News / Asia

    Japan Contemplates Leadership Woes Amid Various Crises

    Japanese Prime Minister Naoto Kan gestures upon his arrival for a cabinet meeting on environment and energy at Kan's official residence in Tokyo, June 22, 2011
    Japanese Prime Minister Naoto Kan gestures upon his arrival for a cabinet meeting on environment and energy at Kan's official residence in Tokyo, June 22, 2011

    Japan's beleaguered prime minister, already in political jeopardy when a huge earthquake and tsunami hit the country four months ago, says the nuclear crisis facing the country will not
    compel him to dissolve the lower house of parliament, which would force a national election. It is the latest rebuff by Naoto Kan to those insisting he quickly resign. The standoff between the prime minister and his opponents is raising broader questions about whether Japan’s consensus-building political culture can address the country’s serious challenges.

    Unpopular leader

    Prime Minister Naoto Kan continues to frustrate many politicians in his own Democratic Party. The 64-year-old unpopular leader has said he will hand over power to a younger
    generation, but he has repeatedly resisted indicating when that will occur.

    Former Vice Foreign Minister Hitoshi Tanaka is among those who have lost patience with him.

    "I wouldn't like to see Prime Minister Kan prolong. He said he would go. Please go. It's not a question to be debated," Tanaka said.

    Popular graphic novel writer Kenshi Hirokane laments that even though he is the same age and from the same neighborhood as Kan, he also desires his speedy exit.

    Hirokane says the prime minister does not have a clear vision to share with the Japanese people, and no longer has a political support base or many followers.

    New vision

    Tanaka and Hirokane spoke at a news conference to discuss a new book, Reimagining Japan. Created by the global management consulting firm McKinsey and Company, more than 80 leaders and experts contributed essays to the book about how to bring about a Japanese renaissance following the disaster four months ago. Much of the discussion at the forum centered on political leadership.

    There is growing frustration with the revolving door of weak Japanese prime ministers. Kan's successor will be the fifth prime minister in five years.

    This frustrates policy makers and many citizens who say it prevents Japan from effectively dealing with serious matters like persistent economic malaise, formulating foreign policy and security issues, including the rise of China. They also say the country needs to focus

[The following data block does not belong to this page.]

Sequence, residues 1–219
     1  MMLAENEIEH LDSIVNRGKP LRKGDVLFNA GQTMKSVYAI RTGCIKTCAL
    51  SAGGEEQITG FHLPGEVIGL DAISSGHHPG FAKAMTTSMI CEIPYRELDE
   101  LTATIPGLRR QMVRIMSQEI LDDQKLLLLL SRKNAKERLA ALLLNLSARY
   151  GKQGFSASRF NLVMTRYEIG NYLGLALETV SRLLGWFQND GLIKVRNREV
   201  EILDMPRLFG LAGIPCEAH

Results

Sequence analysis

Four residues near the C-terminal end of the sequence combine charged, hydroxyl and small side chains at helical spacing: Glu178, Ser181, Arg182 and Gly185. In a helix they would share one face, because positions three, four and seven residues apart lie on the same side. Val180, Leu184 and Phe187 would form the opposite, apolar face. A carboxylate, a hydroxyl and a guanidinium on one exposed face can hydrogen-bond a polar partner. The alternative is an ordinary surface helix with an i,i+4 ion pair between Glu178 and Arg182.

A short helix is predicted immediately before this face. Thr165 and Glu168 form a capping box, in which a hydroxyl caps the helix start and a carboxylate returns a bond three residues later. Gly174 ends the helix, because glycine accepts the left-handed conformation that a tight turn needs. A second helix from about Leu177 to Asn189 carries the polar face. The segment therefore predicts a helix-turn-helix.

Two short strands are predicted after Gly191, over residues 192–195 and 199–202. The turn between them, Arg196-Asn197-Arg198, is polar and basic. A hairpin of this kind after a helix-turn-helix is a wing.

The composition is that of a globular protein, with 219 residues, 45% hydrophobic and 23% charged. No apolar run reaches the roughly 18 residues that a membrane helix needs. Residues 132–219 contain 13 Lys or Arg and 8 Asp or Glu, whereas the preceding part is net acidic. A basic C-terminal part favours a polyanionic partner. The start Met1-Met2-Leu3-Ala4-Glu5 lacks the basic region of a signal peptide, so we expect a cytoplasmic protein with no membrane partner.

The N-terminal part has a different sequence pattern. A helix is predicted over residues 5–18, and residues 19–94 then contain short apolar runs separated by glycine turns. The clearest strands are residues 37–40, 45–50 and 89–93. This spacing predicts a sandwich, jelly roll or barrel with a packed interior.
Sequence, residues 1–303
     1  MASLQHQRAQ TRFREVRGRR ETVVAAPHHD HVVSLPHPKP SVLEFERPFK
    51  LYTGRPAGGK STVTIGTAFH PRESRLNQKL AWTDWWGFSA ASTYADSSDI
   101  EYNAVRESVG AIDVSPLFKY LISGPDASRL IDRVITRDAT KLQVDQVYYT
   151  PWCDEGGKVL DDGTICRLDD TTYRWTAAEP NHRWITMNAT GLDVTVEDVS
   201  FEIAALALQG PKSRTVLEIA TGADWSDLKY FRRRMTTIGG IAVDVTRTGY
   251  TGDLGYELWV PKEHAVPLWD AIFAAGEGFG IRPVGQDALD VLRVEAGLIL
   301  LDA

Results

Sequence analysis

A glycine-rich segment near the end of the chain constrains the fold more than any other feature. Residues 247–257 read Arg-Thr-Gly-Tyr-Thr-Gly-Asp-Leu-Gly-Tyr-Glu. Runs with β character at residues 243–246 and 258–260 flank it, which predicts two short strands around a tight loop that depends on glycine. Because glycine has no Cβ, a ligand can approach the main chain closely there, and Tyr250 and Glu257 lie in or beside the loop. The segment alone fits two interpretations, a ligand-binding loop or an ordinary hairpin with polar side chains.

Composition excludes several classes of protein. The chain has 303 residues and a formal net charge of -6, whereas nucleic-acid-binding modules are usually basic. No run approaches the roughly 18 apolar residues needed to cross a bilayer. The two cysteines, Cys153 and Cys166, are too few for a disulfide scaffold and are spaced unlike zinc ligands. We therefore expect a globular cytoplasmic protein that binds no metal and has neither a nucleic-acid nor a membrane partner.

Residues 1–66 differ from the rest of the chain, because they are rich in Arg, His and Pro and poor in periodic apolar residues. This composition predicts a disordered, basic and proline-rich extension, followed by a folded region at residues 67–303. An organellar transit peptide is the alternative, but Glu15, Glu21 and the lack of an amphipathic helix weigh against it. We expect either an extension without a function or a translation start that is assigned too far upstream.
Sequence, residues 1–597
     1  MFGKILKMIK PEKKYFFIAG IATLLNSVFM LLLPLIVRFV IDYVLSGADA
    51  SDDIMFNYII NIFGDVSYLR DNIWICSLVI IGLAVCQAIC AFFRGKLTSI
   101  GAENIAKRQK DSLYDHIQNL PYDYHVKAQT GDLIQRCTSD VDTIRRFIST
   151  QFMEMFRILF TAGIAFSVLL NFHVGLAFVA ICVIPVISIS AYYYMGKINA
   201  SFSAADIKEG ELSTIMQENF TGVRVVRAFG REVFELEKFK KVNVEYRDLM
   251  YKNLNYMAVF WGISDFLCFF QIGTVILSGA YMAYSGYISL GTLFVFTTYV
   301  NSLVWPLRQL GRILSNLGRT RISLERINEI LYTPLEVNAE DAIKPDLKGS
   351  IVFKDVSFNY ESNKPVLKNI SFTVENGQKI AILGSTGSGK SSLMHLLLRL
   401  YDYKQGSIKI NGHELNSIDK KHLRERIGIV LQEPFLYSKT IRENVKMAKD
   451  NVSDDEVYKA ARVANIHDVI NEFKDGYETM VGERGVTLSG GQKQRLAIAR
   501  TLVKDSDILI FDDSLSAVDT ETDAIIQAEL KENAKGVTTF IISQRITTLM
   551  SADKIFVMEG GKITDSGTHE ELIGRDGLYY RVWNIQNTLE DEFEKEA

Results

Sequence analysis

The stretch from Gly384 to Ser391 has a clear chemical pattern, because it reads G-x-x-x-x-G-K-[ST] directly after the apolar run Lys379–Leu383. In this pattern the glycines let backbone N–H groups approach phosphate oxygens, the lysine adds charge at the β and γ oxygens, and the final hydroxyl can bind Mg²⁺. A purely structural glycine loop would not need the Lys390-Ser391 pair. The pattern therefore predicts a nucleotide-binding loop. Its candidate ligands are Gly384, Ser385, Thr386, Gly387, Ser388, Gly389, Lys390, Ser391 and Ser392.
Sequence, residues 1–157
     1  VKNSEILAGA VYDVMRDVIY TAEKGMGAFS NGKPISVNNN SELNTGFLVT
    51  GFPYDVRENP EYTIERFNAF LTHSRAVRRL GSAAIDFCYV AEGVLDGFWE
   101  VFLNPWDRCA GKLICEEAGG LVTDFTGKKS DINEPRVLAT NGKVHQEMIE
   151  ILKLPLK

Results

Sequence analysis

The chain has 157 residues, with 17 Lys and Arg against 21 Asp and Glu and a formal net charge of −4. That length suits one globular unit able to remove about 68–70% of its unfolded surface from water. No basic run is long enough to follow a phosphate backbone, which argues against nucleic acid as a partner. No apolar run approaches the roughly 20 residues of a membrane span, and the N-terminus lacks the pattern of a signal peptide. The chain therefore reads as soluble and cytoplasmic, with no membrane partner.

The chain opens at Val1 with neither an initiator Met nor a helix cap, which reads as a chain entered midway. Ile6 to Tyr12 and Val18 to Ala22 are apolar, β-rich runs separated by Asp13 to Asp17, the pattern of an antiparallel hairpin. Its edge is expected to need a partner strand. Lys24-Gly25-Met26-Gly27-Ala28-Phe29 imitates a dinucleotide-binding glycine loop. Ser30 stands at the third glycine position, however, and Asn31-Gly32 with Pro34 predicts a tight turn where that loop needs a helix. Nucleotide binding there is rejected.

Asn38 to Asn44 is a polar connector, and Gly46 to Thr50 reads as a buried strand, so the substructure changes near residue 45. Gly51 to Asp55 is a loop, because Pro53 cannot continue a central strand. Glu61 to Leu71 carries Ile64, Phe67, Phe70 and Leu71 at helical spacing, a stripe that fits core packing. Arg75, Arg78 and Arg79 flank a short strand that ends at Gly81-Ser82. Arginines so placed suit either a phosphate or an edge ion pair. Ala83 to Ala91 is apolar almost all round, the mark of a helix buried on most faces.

on rebuilding the region devastated by the March 11 natural disaster and the resulting meltdown of three nuclear reactors in Fukushima prefecture.

    Strong, stable leadership

    Former top bureaucrat Tanaka says Japan needs the type of stability and strong leadership it last enjoyed under Junichiro Koizumi, who served as prime minister from 2001 to 2006.

    "Do we see any candidate who is comparable to Prime Minister Koizumi's leadership? The answer is no," Tanaka said. "Therefore what we need to be doing is the creating of a system in which we can pursue much stronger, correct policies."

    And the only way to do that, Tanaka argues, is for the two major political parties -- which he contends have no major policy differences -- to work together. Such a grand coalition was even proposed by Prime Minister Kan following the March 11 disaster. But the opposition Liberal Democratic Party (which is actually right of center) rejected it. Some political analysts argue that a fresh leader from the Democratic Party may be more persuasive in the months
    ahead.

    Status quo

    McKinsey's Global Managing Director Dominic Barton finds the status quo baffling.

    "The issues are clear. We don't need more white papers and so forth. It's why does change not occur? And I don't know why the Japanese people put up with that," Barton said.

    Hirokane believes he has the answer to Barton's question.

    He says the concept of leadership in Japan is not well-defined, partly because neither Japanese top management nor political leadership is selected by direct election. That is why Japanese prime ministers are changing so frequently. He explains they are too conscious of making mistakes, so they do not take risks as they know if they err they will have to resign right away. Thus the leadership style tends to be bottom up and full of consensus-building, rather than top down.

    That worked well in the last half of the 20th century when Japan managed to recover from its devastating defeat in World War II to become a global technological leader.

    Needed change

    Influential columnist Waichi Sekiguchi of the mass circulation Nikkei business daily says the political system that fostered the renaissance cannot work any longer.

    "In the past when the economy was growing well maybe the bottom-up system worked well in this country," noted Sekiguchi. "But now technology trends or society changes very quickly so the top leader will have the new direction immediately. So that kind of new leadership is really needed in this country."

    But some observers are cautious, such as Hirokane, whose award-winning comic books frequently take a critical stance on contemporary Japanese society. He and others say the Japanese people really do not want strong leaders. They recall the tragedy of the early 20th century when powerful military and political figures put Japan on a course toward disaster.


    Steve Herman

    A veteran journalist, Steve Herman is VOA's Southeast Asia Bureau Chief and Correspondent, based in Bangkok.

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